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10-16 June 2024

Andrew who has ME shares his experience of caring for his son Keiron who has quadriplegic cerebral palsy.

“When our son Keiron was born, the consultant told us about the cysts on his brain and that he would either have problems with his movement or vision. After a year Kieron was formally diagnosed with quadriplegic cerebral palsy and the joys and pain of being a carer really started.  

“I have to say that being a carer is really tough physically and emotionally, but it is also very rewarding. We are so proud of what Kieron has achieved. He is now 24 and an amazing young man. We always said his disability wouldn’t stop us doing things and we have shared many great experiences as a family. 

“I have been lucky that my employers have always been understanding. Working full-time and being a carer can be brutal. I have had time off work for stress, exhaustion and various other combinations, but I'm still winning, just.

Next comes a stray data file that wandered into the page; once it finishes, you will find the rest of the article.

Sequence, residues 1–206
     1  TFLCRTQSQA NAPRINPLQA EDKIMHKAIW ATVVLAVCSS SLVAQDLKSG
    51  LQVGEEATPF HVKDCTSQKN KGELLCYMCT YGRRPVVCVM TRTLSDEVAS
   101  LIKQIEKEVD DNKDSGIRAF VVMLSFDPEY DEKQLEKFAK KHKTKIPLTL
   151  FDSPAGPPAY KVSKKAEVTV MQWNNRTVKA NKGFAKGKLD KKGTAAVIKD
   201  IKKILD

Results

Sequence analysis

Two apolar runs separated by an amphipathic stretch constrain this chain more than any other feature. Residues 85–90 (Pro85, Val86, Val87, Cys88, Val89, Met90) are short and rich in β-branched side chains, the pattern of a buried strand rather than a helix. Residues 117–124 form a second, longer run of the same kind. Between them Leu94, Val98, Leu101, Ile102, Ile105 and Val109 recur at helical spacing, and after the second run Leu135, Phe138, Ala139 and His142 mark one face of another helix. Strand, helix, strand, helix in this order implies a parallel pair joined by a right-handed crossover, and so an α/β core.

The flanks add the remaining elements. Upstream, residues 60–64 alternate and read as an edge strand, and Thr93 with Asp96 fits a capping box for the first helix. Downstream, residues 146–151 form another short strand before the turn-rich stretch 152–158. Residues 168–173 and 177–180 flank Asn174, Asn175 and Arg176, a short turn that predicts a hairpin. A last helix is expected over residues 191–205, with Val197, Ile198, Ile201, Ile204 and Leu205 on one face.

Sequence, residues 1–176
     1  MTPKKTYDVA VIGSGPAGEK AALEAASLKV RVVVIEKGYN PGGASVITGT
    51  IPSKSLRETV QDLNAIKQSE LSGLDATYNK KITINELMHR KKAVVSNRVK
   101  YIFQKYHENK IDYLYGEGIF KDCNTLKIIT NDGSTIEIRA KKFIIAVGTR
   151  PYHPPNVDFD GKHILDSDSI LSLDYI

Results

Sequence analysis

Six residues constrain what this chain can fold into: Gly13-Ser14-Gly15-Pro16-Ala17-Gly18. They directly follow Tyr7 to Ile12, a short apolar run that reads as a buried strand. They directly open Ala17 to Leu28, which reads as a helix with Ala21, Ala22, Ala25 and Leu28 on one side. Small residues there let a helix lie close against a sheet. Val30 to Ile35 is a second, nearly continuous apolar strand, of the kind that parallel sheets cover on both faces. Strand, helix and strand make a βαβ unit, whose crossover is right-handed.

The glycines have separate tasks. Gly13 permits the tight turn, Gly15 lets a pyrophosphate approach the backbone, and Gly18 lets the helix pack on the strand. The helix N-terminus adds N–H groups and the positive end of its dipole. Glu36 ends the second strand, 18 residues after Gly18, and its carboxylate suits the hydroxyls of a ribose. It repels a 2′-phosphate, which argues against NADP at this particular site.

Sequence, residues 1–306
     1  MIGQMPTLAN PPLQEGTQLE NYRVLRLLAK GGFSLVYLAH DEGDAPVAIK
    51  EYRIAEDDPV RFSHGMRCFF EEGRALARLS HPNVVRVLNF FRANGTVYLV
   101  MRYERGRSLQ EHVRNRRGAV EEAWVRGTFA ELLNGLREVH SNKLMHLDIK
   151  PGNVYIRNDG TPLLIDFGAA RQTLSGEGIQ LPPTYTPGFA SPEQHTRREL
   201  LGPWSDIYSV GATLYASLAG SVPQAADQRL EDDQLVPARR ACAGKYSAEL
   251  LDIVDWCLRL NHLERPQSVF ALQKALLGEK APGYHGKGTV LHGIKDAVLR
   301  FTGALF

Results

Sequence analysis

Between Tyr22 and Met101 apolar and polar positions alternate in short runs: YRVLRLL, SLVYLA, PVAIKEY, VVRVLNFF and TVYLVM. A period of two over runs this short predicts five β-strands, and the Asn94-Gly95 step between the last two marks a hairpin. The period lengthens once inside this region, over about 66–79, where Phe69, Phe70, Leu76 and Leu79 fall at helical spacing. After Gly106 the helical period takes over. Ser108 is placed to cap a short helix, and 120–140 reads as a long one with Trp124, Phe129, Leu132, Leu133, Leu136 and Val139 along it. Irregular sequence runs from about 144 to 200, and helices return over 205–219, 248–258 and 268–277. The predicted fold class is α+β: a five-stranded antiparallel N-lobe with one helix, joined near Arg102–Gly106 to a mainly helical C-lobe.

“In 2016, things got even tougher when I was diagnosed with ME. I was struggling with no energy and collapsing on the floor and experiencing violent muscle pain and brain fog to name a few symptoms. But if you think that's bad, imagine how my wife felt having to look after Kieron and me! 

“Having ME has made being a carer so much harder and there are times when I feel useless. We now have professional carers during the week. We say to Kieron, don't worry, if dad is ok, we'll still do stuff, if his ME is bad, we’ll just do it differently. 

“My message to other carers is that yes, it's hard, but keep going, look after each other and never give up. Make sure you get the support you need. There will be worse days than others but in the still of the night when you can't sleep, reflect on all the good times, those that have been and those yet to come.” 

With thanks to Andrew for sharing this story.

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